"Well, we will see. A beautiful neighbour would cer-
tainly be no objection. Let me take a look at the château,
my friend."

The gardener opened the principal door, which led into a
hall adorned with niches filled with statues, and pedestals
supporting vases, after the fashion of the day.

The door at the other end of the hall led out into a large
garden. To the right of this hall were a billiard and
dining room, and to the left two parlours, one large aud
one small.

On the floor above was a large and well-lighted apart-
ment admirably adapted for an office or study, and three
or four bedrooms.

The windows were all closed. Mirabeau stepped up to
one to open it; and the gardener was about to open the
others, but Mirabeau made a sign to him not to do so.

Just under the window which Mirabeau had opened, at
the foot of a big weeping-willow, a woman was reclining,
reading, while a child five or six years old played on the
turf a short distance from her.

Mirabeau understood at once that this was the lady of
the pavilion.

No one could have been more daintily and beautifully
arrayed. She wore a loose, exquisitely fine white muslin
gown, richly trimmed with lace, over taffeta silk, and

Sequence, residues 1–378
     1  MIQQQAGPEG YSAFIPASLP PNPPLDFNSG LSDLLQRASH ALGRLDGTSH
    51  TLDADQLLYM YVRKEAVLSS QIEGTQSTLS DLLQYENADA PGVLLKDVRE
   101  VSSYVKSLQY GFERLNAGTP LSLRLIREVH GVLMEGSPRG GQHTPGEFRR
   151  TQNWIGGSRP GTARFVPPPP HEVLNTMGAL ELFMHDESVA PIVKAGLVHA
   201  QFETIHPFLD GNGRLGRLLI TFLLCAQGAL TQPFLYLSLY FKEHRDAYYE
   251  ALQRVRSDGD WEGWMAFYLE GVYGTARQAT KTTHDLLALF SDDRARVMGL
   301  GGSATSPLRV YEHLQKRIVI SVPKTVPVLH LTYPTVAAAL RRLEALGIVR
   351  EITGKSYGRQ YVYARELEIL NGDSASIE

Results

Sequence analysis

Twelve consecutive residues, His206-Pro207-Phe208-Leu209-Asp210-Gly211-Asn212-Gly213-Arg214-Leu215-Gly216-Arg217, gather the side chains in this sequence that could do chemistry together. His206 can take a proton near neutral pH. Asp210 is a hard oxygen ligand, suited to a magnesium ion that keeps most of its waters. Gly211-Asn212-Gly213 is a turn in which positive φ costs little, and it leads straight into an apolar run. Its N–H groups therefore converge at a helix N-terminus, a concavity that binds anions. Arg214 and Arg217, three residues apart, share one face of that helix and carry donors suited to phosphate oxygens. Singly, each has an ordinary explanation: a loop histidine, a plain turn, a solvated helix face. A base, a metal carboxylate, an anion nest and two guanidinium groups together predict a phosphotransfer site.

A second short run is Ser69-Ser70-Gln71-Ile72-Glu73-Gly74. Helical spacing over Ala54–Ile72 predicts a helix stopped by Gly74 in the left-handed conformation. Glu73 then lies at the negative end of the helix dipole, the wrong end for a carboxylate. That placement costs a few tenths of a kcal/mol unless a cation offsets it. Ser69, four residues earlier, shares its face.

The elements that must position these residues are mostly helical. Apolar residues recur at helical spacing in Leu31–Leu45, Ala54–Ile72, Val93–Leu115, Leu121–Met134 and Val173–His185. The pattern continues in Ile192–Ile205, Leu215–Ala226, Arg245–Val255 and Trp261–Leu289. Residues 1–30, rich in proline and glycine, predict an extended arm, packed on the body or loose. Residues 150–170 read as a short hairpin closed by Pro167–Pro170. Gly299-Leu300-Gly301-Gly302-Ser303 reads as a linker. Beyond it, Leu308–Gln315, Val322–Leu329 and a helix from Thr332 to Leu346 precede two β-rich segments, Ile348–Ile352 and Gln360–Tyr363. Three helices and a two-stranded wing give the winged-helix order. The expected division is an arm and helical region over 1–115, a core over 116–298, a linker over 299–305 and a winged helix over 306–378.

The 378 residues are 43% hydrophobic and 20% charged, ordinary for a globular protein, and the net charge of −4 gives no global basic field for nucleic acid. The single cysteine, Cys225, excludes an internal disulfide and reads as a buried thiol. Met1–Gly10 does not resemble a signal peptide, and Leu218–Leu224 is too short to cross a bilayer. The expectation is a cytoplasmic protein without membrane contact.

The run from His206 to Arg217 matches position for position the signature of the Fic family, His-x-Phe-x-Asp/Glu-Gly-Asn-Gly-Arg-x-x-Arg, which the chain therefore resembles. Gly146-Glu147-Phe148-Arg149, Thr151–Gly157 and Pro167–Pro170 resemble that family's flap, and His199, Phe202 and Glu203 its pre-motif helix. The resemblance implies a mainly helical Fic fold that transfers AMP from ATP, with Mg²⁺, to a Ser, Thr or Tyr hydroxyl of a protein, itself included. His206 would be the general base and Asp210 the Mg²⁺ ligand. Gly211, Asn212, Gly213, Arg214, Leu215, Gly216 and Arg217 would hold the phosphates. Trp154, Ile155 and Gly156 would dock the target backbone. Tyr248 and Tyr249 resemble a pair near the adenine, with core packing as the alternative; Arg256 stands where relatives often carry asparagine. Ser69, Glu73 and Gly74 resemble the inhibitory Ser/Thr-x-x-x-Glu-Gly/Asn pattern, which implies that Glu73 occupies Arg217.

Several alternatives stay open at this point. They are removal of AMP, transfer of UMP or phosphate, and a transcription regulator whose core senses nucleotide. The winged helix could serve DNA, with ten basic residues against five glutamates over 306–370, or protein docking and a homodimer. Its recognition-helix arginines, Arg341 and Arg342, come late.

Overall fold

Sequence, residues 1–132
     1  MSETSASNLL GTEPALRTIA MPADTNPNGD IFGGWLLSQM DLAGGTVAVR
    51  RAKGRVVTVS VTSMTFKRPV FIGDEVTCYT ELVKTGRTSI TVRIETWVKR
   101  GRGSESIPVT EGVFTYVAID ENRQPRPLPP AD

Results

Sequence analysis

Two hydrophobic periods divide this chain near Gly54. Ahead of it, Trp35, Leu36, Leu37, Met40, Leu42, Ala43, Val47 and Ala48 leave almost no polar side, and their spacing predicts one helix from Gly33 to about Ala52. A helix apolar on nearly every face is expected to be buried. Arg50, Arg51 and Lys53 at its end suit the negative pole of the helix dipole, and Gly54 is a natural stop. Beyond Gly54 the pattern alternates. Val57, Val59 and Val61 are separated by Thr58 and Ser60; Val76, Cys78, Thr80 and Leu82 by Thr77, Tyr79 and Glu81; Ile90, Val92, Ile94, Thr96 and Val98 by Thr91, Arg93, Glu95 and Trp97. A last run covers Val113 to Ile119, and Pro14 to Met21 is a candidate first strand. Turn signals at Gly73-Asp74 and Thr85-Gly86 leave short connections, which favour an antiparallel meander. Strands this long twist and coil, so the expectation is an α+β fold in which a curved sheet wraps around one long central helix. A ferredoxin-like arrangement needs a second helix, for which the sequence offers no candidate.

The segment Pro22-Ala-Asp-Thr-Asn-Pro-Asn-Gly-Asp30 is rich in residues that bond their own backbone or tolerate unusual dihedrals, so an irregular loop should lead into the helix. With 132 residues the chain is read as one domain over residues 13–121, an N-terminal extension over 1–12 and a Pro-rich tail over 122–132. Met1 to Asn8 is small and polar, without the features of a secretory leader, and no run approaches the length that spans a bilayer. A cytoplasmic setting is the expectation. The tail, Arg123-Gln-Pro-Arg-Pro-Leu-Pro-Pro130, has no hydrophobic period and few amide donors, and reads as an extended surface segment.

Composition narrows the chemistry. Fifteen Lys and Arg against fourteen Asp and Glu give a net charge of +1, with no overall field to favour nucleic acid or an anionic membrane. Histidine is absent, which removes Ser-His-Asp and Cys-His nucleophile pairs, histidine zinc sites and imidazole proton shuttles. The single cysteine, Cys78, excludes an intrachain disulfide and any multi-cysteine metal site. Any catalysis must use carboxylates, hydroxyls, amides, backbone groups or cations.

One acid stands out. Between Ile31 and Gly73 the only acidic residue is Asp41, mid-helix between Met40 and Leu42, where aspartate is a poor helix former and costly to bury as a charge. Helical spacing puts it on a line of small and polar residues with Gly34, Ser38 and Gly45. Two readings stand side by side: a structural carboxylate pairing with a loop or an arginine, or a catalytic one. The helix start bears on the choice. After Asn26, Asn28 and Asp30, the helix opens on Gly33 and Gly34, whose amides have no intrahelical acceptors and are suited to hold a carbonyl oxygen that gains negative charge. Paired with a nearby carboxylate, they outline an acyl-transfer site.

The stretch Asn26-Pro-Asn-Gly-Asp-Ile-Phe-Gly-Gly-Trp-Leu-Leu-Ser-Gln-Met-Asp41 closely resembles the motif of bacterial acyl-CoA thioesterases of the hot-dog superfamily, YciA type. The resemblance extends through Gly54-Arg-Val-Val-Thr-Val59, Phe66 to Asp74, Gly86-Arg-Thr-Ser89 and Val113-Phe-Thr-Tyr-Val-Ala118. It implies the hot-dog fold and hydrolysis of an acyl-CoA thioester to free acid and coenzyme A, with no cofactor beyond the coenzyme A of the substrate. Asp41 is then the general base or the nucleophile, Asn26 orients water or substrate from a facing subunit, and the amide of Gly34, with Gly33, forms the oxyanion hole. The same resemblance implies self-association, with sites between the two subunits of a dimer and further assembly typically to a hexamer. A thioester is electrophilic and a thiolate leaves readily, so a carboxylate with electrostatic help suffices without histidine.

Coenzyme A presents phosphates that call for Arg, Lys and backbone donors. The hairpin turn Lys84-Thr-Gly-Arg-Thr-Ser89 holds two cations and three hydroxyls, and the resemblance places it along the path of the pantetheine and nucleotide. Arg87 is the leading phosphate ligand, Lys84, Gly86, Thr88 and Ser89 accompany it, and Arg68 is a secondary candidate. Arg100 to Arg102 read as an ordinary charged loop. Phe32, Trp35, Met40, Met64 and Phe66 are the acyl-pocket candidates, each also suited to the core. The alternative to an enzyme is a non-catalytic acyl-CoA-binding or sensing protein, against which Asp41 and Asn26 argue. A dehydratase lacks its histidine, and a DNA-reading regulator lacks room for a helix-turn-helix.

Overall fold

coquettishly adorned with bows of pink and white ribbon.

Her hands were beautiful, with taper fingers and aristo-
cratic, beautifully kept nails. The child was dressed in a
suit of white satin, and wore a Henry IV. hat and a tri-
coloured sash, — a strange combination, but one quite in
vogue at that time. In fact, his dress was almost identical
with that worn by the young dauphin the last time he
appeared on the balcony of the Tuileries in company with
his mother.

While Mirabeau was eagerly devouring the beautiful

VOL. II. — 8


reader with his eyes, either purely by chance, or because
she was influenced by a magnetic current, she glanced up
from her book to the very window at which Mirabeau was

On beholding him she uttered a faint cry of surprise,
arose, called the child, and walked away, holding him by
the hand, but not without looking back several times.

Mirabeau had responded to her cry of surprise by one
of astonishment; for the fair lady not only had Marie
Antoinette's queenly bearing, but her features also — as
far as Mirabeau was able to distinguish through the veil of
fleecy lace that covered her face — bore a striking resem-
blance to those of Marie Antoinette.

This resemblance, too, was increased by the presence of
the boy, who was exactly the age of the second child of
the queen, — of that queen whose face, walk, and slightest
movement had remained so ever present, not only in the
memory, but in the heart of Mirabeau, since that interview
at St. Cloud.

What miracle had brought this mysterious woman — who,
if not the queen herself, was certainly her living image —
into the grounds of the mansion of which Mirabeau con-
templated taking a lease?

Just at that instant the count felt a hand on his shoulder.




Mirabeau turned with a start. It was Doctor Gilbert
who had touched him on the shoukler.

"Well, is there any hope for the child?" inquired the

"A physician should never cease to hope, even in the
presence of death itself."

"The deuce, doctor! I suppose that is equivalent to
saying that the malady is serious."

"It is more than serious; it is mortal."

"What is the matter with the child?"

"The poor little thing has a fever, of which it will